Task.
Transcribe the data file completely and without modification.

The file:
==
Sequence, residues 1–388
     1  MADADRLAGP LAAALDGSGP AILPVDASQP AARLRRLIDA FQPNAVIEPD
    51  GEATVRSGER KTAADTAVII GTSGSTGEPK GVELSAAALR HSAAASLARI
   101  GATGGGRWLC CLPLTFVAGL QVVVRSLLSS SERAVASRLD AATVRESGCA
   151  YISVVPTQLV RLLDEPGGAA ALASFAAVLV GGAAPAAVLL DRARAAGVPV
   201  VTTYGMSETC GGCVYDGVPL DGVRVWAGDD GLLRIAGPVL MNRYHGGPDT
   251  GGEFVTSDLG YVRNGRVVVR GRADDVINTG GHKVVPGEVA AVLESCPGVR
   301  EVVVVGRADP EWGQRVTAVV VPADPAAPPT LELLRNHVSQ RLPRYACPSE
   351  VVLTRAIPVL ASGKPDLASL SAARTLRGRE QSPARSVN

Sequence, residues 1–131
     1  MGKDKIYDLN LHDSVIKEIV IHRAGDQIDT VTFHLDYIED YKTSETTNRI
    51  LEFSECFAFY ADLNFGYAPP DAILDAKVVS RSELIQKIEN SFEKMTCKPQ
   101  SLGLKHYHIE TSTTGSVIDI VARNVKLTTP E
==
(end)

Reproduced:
Sequence, residues 1–388
     1  MADADRLAGP LAAALDGSGP AILPVDASQP AARLRRLIDA FQPNAVIEPD
    51  GEATVRSGER KTAADTAVII GTSGSTGEPK GVELSAAALR HSAAASLARI
   101  GATGGGRWLC CLPLTFVAGL QVVVRSLLSS SERAVASRLD AATVRESGCA
   151  YISVVPTQLV RLLDEPGGAA ALASFAAVLV GGAAPAAVLL DRARAAGVPV
   201  VTTYGMSETC GGCVYDGVPL DGVRVWAGDD GLLRIAGPVL MNRYHGGPDT
   251  GGEFVTSDLG YVRNGRVVVR GRADDVINTG GHKVVPGEVA AVLESCPGVR
   301  EVVVVGRADP EWGQRVTAVV VPADPAAPPT LELLRNHVSQ RLPRYACPSE
   351  VVLTRAIPVL ASGKPDLASL SAARTLRGRE QSPARSVN

Sequence, residues 1–131
     1  MGKDKIYDLN LHDSVIKEIV IHRAGDQIDT VTFHLDYIED YKTSETTNRI
    51  LEFSECFAFY ADLNFGYAPP DAILDAKVVS RSELIQKIEN SFEKMTCKPQ
   101  SLGLKHYHIE TSTTGSVIDI VARNVKLTTP E